Literary scholar Leland Ryken describes the meeting between the prophet Nathan and King David as a “confrontation story.” He explains: “Usually the confrontation implies some tension or dissonance that needs to be acknowledged and resolved . . . [C]onfrontation stories imply an element of judgment or accusation.”
In today’s reading, King David had abused his power in order to commit adultery and murder (2 Sam. 11). It goes without explanation that this was the opposite of what a godly shepherd-king should be and do. And because David was the king, God’s anointed, his sin was more than personal and had significant consequences. By acting in outright disobedience, David had dishonored the Lord before the entire nation. As Nathan indicated, the essence of David’s wrongdoing was to despise the word of the Lord and to show utter contempt for Him (vv. 9, 14).
By obeying the Lord, Nathan was risking his life. It took great courage to confront a king. Nathan’s parable had the purpose of calling forth confession and repentance from the intended audience of one (vv. 1–4). And his plan worked splendidly. David’s passionate condemnation of the rich man’s theft (vv. 5–6) was met with the prophet’s “You are the man!” (vv. 7–9). This story helped break through the king’s hard heart, overthrew his pride, and brought him back to the Lord. There would still be consequences (vv. 10–14), but God met David with grace and forgiveness.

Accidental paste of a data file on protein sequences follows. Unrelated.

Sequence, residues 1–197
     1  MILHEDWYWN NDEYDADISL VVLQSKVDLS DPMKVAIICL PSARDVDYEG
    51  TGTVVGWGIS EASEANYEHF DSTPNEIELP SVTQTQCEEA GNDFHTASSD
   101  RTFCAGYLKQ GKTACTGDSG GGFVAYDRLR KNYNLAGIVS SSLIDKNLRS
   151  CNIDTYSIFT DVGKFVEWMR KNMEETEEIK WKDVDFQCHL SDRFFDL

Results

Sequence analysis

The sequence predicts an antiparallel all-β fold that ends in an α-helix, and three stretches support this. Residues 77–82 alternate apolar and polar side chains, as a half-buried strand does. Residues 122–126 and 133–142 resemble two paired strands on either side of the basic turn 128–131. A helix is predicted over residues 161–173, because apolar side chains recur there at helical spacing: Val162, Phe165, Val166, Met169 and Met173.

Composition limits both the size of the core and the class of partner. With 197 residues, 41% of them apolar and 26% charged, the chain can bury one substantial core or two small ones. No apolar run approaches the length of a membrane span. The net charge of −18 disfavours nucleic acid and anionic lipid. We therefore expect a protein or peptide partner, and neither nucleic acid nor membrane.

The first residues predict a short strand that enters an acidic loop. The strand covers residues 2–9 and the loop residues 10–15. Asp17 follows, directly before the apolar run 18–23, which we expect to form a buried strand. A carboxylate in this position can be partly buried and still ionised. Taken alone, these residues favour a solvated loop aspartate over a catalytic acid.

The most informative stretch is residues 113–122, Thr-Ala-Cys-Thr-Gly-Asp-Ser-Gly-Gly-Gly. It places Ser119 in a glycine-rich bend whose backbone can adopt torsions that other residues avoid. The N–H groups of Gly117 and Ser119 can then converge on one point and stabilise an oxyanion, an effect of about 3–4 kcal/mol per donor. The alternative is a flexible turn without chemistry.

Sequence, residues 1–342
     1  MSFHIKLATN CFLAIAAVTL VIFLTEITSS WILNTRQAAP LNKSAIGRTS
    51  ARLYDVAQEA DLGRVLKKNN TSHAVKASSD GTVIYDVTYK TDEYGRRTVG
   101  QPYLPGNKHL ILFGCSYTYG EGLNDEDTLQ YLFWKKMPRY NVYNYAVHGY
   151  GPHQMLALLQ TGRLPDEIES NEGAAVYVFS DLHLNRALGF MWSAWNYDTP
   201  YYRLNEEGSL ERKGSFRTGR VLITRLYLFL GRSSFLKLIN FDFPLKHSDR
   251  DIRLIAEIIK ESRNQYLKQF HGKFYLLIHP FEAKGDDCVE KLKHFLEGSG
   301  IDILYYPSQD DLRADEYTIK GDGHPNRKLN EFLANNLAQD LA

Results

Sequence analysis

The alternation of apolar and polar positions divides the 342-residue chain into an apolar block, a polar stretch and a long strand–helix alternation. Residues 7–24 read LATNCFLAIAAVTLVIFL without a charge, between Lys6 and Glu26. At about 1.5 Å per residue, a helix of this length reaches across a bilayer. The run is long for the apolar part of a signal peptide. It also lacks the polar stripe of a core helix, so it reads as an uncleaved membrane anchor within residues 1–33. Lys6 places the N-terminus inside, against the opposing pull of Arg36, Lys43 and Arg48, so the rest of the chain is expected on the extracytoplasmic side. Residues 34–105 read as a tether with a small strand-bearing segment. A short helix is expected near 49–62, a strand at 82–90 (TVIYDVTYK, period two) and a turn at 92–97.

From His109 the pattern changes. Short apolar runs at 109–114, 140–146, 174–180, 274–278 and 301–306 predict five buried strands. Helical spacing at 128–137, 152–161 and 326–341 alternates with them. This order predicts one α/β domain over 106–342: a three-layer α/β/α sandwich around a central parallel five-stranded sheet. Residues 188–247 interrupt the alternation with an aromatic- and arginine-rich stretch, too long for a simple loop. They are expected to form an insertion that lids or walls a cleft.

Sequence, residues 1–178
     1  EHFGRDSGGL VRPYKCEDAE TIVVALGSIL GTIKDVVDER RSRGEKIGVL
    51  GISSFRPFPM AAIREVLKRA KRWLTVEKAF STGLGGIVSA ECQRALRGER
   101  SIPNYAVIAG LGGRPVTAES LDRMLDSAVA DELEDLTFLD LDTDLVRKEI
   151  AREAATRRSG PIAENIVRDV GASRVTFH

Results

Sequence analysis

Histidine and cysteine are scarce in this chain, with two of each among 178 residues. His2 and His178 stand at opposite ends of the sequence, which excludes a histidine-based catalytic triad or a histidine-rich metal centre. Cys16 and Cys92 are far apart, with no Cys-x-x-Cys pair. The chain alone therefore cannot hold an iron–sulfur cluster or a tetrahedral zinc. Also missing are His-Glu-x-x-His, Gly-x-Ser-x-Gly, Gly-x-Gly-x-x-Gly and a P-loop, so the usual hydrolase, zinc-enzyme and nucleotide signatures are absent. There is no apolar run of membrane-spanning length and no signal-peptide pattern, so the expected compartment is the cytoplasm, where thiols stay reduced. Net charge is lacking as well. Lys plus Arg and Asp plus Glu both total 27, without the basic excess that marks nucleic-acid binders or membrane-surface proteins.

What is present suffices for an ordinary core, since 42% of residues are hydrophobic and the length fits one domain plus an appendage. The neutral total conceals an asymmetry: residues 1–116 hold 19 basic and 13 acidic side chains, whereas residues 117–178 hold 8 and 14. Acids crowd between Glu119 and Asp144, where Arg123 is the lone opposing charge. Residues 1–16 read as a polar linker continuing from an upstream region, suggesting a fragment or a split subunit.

We can look at the parables from yesterday and today as an opposing pair. Nathan’s story shows all a shepherd should not be—uncaring, selfish, exploitative, and unjust. Jesus’ parable, on the other hand, portrays all a shepherd should be—loving, faithful, and actively on the side of the weak.
>> What is your response when confronted with evidence of your sin? Confession is a vital spiritual discipline.